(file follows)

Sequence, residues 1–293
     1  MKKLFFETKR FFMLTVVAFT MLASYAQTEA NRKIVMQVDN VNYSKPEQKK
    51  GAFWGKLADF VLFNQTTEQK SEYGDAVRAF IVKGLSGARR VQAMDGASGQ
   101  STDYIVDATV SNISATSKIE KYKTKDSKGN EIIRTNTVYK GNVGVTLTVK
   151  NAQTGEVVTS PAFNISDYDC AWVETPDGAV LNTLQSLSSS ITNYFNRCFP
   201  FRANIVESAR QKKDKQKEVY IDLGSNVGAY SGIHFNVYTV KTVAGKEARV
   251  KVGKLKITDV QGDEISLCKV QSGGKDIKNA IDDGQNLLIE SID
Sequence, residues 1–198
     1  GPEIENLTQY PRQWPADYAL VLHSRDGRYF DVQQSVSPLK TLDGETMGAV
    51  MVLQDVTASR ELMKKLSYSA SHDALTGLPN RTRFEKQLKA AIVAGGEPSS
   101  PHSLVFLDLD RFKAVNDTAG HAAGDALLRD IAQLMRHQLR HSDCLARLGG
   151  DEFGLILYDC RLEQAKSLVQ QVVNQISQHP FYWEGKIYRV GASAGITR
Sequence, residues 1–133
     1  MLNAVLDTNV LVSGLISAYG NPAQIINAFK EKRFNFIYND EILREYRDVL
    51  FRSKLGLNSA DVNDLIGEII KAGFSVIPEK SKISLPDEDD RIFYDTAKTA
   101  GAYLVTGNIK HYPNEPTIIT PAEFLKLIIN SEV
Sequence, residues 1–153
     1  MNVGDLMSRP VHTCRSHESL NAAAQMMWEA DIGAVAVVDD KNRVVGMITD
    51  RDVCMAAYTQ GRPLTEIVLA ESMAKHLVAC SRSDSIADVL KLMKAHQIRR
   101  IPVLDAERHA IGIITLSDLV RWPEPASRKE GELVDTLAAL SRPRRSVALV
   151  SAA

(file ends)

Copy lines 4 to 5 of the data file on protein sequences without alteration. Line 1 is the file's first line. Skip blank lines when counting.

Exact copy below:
   101  STDYIVDATV SNISATSKIE KYKTKDSKGN EIIRTNTVYK GNVGVTLTVK
   151  NAQTGEVVTS PAFNISDYDC AWVETPDGAV LNTLQSLSSS ITNYFNRCFP